**Tags**

First, a little context. My first year of teaching was in 2009-2010. I was straight out of undergrad and had just turned down Teach for America to teach at a little-known private K-8 school in the DC suburbs, with the goal of learning the craft of teaching in a low-stress, low-stakes environment (or at least what I thought would be a low-stress low-stakes environment). It did help that I had 37 math students that year. Not 37 per class. 37 total. Class sizes of 8-10.

The day I *interviewed* for the job, my future principal responded to my question about the school’s pedagogical approach by saying, “If you swing naked from a chandelier, and they learn math, we’re all good.” So there was also some freedom.

My assessment system began with a realization that occurred to me in grade school: the normal grade scale on tests (90-100 = A range, 80-89 = B range, etc.) was total BS. If an A is supposed to represent exemplary work, a B average work, and C, D, F some levels below average, how did these multiples of 10 become the magic cutoffs? Test scores were as much about the test as they were about the kids. In designing a test, a teacher could make every kid get an A, or could make no kids get an A. What most of my teachers opted for was to make 70% easy enough for just about everyone, 20% of it somewhat challenging and then 10% of it really challenging. Then, the multiples of ten as the magic cutoffs more or less worked out. Personally, I always thought that first 70% was a colossal waste of everyone’s time and only there to make the grade range work (yes, I know I was a weird kid probably destined to be a teacher).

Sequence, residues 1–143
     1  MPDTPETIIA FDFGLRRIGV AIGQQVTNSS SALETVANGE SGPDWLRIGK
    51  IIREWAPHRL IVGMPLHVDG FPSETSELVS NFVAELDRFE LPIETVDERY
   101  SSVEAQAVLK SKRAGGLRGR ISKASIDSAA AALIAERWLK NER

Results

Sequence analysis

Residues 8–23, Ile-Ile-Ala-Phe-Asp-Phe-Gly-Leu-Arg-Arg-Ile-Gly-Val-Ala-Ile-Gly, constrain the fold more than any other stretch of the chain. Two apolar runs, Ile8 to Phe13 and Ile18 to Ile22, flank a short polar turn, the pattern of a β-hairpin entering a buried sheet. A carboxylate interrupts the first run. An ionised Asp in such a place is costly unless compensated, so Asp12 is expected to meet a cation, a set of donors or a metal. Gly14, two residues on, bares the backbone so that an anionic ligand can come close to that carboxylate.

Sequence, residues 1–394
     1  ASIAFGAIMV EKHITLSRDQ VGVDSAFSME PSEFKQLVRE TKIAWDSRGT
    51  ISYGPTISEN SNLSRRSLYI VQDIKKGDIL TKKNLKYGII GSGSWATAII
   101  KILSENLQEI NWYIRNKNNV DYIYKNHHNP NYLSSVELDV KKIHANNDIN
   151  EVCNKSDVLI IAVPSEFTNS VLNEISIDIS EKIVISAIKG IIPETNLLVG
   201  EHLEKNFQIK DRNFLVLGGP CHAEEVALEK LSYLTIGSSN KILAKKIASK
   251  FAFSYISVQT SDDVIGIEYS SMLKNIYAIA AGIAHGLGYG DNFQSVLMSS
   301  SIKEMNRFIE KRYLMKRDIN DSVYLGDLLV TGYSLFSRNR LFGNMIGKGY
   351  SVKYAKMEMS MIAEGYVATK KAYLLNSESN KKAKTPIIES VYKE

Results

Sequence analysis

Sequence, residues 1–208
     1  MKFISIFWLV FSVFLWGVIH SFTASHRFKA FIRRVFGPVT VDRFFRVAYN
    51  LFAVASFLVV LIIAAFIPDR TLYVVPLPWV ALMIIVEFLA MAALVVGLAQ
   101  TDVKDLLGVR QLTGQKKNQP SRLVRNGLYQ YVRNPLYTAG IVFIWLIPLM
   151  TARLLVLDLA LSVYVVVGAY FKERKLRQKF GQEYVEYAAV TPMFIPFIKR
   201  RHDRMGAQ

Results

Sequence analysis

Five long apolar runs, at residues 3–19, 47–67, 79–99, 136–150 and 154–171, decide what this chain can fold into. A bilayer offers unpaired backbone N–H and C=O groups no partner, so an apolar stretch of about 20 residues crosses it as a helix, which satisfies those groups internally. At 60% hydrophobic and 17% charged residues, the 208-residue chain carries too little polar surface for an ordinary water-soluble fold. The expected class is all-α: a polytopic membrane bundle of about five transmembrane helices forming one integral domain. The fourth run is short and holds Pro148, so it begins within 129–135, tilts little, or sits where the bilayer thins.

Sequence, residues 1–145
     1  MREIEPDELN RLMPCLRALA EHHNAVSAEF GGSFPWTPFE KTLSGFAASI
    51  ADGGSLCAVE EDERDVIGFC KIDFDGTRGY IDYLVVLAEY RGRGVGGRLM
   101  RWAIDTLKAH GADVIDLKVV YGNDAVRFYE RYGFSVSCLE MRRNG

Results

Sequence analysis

So here was the crazy grading system that my principal probably shouldn’t have allowed though I’m grateful that he did. In short, I wanted to eliminate the freebie questions that made students fall between 80%-100%. I wanted to have students engage with really challenging math – really be pushed to their limit – on tests. I wanted them to tackle each test with focus, intensity and perseverance that they didn’t know they had, and for that, I needed to construct rigorous tests that would push them as such. I envisioned low scores percentage-wise, so I was prepared to scale the scores to preserve their precious GPAs.

So I gave really hard tests where kids usually fell between 20%-80%. Once I scored the tests (my turnaround time was usually 24 hours at my ripe age), I would pass them back and we would discuss the challenging problems as a class. I would let them amend their tests for half-points. After that, I would re-score them and do a little statistical analysis to determine the A-B-C-D-F cutoffs. It was not uncommon for students to come home with a 61% that said “B” on it.

In fact, letter grades ended up being the same as other teachers, except in my class students repeatedly studied their butt off to prepare for being pushed to their mathematical limit and persevered on really hard problems (if not on the first try, then usually on the second). A kid felt proud of their 61% that earned them a B.

The system wasn’t without its flaws. On the first test, for instance, I gave every problem a point value so that together they added up to 100. Parents flipped when they saw the raw scores on that first test. After that, I disguised their low percentages with point values for a test that summed to random numbers, like 238. Soon after that, I removed all references to point values all together. There was another big flaw that I noticed, and the realization of that flaw became a “lightbulb moment” that changed how I think about assessment. More on that next!

Pingback: The SBG Lightbulb Moment | The Limit Does Not Exist